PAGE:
Issue 1: Legislative Sessions
This proposed amendment to the Arkansas Constitution was placed on the ballot by the Arkansas Legislature. Current law requires the Arkansas General Assembly to convene in a regular legislative session on odd numbered years and in a budget session on even numbered years. Current law also allows the governor to call the legislature into a special legislative session at any time for specific purposes. This amendment expands the authority to call the legislature into session through two other means. First, it allows the Speaker of the House and President Pro Tempore of the Senate to jointly call the legislature into session by written proclamation. The Speaker and the President Pro Tempore decide the purpose and the date of the extraordinary session. Second, it allows the legislature to call itself into session by the submission of a written proclamation containing signatures of two-thirds of the members in the House and two-thirds of the members in the Senate. The purpose for the session must be stated in the written proclamation, and the Speaker and the President Pro tempore decide the date of the extraordinary session. By a two-thirds vote, the legislature can expand the purpose and length of the session. The proposed amendment requires the legislature to make rules for these extraordinary legislative sessions. If passed, this amendment would take effect on November 9, 2022.
Issue 2: Constitutional Amendments and Initiated Acts
This proposed amendment to the Arkansas Constitution was placed on the ballot by the Arkansas Legislature. Current law says that amendments to the State Constitution and initiated acts will pass if they receive over 50% of the votes cast on the measure state-wide. Under this proposed amendment, State Constitutional Amendments and initiated acts would have to receive at least 60% of the votes on the measure state-wide to pass. If passed, this amendment would take effect on January 1, 2023.
Issue 3: The Arkansas Religious Freedom Amendment
This proposed amendment to the Arkansas Constitution was placed on the ballot by the Arkansas Legislature. Issue 3, The Arkansas Religious Freedom Amendment, guarantees that state and local laws will not infringe religious liberty. It enshrines protections for religious freedom into the Arkansas Constitution, and it gives people legal recourse if the government infringes their religious freedoms. This would provide protections for the free exercise of religion at the state and local levels. Issue 3 contains exceptions for rare situations in which the government may need to burden someone’s religious liberty to protect a compelling governmental interest—such as public safety or child welfare. In those instances, the amendment requires the government to use the least restrictive manner possible to burden a person’s religious liberty. The amendment applies to all state laws—including general laws that may not be intended to violate religious freedom. The measure requires courts to interpret its protections broadly to safeguard religious freedom as much as possible, and it contains language clarifying that the amendment does not in any way authorize the government to violate the freedom of religion. If passed, the amendment would take effect November 9, 2022.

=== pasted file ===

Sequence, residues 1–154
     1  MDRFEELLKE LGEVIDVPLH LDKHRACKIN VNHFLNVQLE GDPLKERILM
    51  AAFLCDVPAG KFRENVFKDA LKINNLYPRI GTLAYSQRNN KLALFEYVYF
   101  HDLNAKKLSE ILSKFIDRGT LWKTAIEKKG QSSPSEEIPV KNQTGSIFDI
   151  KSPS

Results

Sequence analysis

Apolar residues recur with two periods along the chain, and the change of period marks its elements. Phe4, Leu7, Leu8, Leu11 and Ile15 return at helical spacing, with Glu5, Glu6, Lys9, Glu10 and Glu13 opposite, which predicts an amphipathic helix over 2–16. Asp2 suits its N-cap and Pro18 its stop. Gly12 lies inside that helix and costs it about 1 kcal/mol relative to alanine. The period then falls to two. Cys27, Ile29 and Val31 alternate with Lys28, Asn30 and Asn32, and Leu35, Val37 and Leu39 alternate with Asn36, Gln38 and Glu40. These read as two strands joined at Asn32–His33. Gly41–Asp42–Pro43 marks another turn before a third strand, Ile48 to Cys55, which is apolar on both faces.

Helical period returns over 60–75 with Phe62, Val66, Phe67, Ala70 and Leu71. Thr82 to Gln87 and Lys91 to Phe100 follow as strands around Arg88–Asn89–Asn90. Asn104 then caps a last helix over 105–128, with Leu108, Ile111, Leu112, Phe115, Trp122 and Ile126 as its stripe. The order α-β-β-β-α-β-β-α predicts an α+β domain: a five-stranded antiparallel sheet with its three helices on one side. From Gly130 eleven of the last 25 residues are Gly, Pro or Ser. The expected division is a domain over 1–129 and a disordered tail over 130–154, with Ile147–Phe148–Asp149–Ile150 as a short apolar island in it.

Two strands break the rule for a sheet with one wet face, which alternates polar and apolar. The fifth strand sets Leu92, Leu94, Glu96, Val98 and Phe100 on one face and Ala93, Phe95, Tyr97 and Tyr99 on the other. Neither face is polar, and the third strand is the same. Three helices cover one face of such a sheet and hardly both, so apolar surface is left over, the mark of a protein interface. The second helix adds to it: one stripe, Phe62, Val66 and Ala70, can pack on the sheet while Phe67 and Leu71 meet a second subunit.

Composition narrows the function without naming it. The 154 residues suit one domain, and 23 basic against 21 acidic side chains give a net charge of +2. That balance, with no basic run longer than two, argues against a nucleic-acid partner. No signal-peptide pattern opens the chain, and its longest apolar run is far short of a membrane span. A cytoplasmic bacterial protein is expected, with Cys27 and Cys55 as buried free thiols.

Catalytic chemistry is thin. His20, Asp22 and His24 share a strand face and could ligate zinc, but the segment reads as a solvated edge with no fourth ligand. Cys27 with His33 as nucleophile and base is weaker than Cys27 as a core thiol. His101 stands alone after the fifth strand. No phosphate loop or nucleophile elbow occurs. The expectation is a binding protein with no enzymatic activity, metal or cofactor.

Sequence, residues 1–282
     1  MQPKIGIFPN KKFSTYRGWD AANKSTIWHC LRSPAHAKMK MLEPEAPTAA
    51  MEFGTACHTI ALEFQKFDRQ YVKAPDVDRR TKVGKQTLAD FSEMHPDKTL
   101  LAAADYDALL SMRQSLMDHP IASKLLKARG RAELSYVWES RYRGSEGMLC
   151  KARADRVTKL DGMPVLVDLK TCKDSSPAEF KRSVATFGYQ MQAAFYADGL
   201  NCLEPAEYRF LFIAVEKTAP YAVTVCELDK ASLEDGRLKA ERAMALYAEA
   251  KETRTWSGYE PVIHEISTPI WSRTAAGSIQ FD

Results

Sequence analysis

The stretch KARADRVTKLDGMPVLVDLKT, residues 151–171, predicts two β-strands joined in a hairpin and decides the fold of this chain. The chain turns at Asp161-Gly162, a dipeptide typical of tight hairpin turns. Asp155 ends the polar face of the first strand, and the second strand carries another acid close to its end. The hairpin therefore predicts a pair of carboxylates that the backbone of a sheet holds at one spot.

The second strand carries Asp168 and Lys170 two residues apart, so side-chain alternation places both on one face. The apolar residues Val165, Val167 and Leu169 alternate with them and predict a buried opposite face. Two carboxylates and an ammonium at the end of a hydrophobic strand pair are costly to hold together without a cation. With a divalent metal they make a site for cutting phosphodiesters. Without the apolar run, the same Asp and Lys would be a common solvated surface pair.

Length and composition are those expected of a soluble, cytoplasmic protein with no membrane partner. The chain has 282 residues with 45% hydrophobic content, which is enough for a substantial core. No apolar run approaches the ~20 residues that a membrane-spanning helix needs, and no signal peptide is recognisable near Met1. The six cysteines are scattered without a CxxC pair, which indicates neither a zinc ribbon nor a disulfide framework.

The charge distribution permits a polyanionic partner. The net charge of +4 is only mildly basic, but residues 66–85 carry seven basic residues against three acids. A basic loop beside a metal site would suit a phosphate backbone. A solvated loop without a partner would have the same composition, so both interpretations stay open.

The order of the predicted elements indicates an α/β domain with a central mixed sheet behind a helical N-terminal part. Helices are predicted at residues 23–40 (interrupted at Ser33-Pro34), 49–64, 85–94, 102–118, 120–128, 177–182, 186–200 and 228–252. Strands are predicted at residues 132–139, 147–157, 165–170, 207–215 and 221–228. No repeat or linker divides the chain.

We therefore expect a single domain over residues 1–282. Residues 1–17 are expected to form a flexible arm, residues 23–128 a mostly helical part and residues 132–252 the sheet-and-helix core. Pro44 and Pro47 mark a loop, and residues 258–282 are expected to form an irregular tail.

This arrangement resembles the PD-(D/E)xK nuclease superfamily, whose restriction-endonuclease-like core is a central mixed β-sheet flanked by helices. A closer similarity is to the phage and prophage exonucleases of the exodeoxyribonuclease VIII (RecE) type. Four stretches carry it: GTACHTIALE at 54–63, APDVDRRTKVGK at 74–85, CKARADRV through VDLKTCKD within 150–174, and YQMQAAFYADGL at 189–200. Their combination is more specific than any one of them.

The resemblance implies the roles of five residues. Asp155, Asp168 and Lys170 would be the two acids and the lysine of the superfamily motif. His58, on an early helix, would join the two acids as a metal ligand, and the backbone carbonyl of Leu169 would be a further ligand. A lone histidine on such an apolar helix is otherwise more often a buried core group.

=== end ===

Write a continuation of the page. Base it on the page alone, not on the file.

Issue 4: The Arkansas Adult Use Cannabis Amendment
This proposed amendment to the Arkansas Constitution legalizes marijuana everywhere in Arkansas for persons age 21 and older. It lets license-holders cultivate, prepare, manufacture, process, package, deliver, and sell marijuana and all extracts, including tetrahydrocannabinol (THC) and all other derivatives from the cannabis plant. It allows unrestricted amounts of tetrahydrocannabinol (THC) to be injected into candy, cookies, and drinks and sold as edibles. It allows the sale of tetrahydrocannabinol (THC) in any form or concentration. Adults can purchase as much marijuana as they choose as long as they possess no more than one ounce at a time. Holders of a medical marijuana card can purchase an additional 2.5 ounces of marijuana every two weeks. One-hundred twenty dispensary licenses will be issued for selling marijuana at retail dispensaries. Dispensaries can grow up to 100 mature plants and they can process marijuana. There can be up to 20 marijuana cultivation facilities. The Alcoholic Beverage Control Board would oversee it. Cultivation facilities would not be able to locate within 3,000 feet of a church, school, daycare, or facility for individuals with developmental disabilities. Retail dispensaries would not be able to locate within 1,500 feet of a church, school, daycare, or facility for individuals with developmental disabilities. The amendment repeals all taxes on medical marijuana. It sets a 10% state tax rate for recreational marijuana in addition to regular sales tax, and no more taxes can be levied on it by any government. The Arkansas Legislature is prohibited from regulating medical or recreational marijuana. The amendment prohibits local communities from regulating marijuana, including passing zoning ordinances or taxing it. Cities or counties can prohibit marijuana dispensaries by circulating petitions to bring it to a vote, but they can’t prohibit cultivation facilities. Owners of facilities in Arkansas do not have to be Arkansas residents. No criminal background checks are required for dispensary or cultivation facility employees. Background checks are also not required for owners who own less than a 5% interest in a marijuana business. Employers can restrict but not prohibit employee use. Property owners can prohibit smoking marijuana on their property. If passed by voters, this amendment will take effect on November 18, 2022.